According to Marc Topkin of the Tampa Bay Times, the Rays will give Sergio Romo his first major league start Saturday, though the plan is to have him work just the first and maybe part of the second inning.
The key here is that the Rays are facing an Angels team that stacks a bunch of right-handers at the top of the lineup. Shohei Ohtani pitches Sunday, so he’s probably not going to start Saturday. The other two lefties the Angels play fairly regularly, Kole Calhoun and Luis Valbuena, have both struggled and are hitting in the bottom half of the order. The Angels could move someone up in response to the Rays starting Romo, but the Rays probably wouldn’t care overly much. If the Angels use their normal lineup, Romo would face Zack Cozart, Mike Trout, Justin Upton and, if necessary, Albert Pujols in the first.
The plan is for lefty Ryan Yarbrough to relieve Romo, perhaps to start the second or the first time a lefty is due up. Yarbrough has started his last three times out and could pitch as many as 5-6 innings in relief against the Angels.
Romo, who broke into the majors with the Giants 10 years ago, has made 588 relief appearances without a start. He has made a few one- and two-inning starts in rehab appearances in the minors through the years, but he was last a regular starter in A-ball in 2006.
The Washington Nationals, fresh off signing Stephen Strasburg to a $245 million deal, are now turning their attention to their third base hole. Jon Morosi of MLB.com reports that they have made inquiries to the Chicago Cubs about trading for Kris Bryant.
Emphasis on the word “inquiry” because it’d be premature for the Cubs to trade Bryant at the moment, even if they are reported to be considering the possibility.
Bryant and the Cubs are awaiting word from an arbitrator about Bryant’s years-old service time grievance. If Bryant wins, he becomes a free agent after the 2020 season. If the Cubs win they control him for two more years. The team may or may not choose to trade him in either case as they are reportedly trying to cut payroll, but the price for him will vary pretty significantly depending on whether or not the acquiring club will receive one or two years of control over the former MVP.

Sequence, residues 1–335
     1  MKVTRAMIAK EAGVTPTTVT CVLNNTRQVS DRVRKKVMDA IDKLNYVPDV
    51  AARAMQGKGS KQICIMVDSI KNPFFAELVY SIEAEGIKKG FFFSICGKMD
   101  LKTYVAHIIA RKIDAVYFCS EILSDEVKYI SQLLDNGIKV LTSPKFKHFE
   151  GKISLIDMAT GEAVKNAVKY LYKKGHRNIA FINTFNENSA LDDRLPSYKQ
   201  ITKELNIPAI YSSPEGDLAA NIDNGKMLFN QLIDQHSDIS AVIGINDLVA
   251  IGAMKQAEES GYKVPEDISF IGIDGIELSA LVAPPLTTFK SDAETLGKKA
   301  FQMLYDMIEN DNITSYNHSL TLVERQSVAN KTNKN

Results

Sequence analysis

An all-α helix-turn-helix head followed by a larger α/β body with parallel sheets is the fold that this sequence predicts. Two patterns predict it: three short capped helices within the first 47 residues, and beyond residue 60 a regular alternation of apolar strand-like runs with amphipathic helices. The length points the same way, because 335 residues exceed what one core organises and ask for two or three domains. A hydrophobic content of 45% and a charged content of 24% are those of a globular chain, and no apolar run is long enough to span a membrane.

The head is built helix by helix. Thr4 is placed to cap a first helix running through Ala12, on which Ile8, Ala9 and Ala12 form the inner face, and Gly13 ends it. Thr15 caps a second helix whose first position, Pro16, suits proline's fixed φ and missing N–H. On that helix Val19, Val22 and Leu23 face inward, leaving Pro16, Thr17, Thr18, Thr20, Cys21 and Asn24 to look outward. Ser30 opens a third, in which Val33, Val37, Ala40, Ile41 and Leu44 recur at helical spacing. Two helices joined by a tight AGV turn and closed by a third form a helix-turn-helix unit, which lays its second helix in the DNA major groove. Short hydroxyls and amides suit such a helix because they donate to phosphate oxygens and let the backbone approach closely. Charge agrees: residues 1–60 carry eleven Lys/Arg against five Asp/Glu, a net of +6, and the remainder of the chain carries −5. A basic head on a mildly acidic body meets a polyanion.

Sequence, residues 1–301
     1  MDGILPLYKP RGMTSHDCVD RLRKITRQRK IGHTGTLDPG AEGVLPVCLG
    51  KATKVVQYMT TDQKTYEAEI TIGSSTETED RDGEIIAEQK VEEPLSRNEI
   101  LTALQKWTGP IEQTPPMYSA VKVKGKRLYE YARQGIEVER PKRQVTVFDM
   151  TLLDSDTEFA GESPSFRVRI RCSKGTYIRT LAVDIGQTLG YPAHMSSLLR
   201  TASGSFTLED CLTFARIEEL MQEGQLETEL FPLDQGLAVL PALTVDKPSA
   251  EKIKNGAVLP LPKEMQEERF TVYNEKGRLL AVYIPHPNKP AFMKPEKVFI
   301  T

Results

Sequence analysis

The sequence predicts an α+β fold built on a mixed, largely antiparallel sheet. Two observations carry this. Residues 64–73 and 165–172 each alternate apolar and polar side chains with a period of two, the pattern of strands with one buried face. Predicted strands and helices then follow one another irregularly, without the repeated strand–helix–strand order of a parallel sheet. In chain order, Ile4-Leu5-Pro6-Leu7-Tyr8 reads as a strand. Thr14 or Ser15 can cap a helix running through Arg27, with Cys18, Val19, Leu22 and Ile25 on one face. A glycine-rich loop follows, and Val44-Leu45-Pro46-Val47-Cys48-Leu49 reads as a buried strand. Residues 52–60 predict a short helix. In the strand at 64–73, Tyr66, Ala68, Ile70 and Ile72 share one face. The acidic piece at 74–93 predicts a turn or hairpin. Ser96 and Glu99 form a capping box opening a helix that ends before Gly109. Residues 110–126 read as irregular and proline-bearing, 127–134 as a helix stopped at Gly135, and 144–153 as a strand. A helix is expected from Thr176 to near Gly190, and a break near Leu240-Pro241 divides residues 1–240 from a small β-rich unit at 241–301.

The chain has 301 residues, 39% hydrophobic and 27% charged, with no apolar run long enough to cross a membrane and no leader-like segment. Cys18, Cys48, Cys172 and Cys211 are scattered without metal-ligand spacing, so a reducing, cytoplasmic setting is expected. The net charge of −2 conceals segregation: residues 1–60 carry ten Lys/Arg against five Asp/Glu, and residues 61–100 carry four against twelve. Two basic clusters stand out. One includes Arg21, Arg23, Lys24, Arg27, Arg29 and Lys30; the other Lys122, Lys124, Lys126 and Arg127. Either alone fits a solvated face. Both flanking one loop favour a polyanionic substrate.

For Washington, this would be a means of replacing free agent third baseman Anthony Rendon. Or, perhaps, the inquiries are a means of creating a tad more leverage for the Nats as they talk to Rendon’s agent about re-signing him.
Which, in the past, the Nats said they could not do if they also re-signed Strasburg, though I suspect that’s just posturing too. They may not want to spend big money to keep their World Series core together, but they can afford it. They’re going to see, I suspect, an eight-figure uptick in revenue by virtue of being the defending World Series champs. They are poised to receive a significant payout as a result of recent rulings in their own multi-year dispute with the Orioles and the MASN network. They are, of course, owned by billionaire real estate moguls. All of that taken together means that, if they choose to, they can bring back Rendon. Assuming he chooses to come back too.
But, if that doesn’t happen, they appear to be giving themselves options at the hot corner.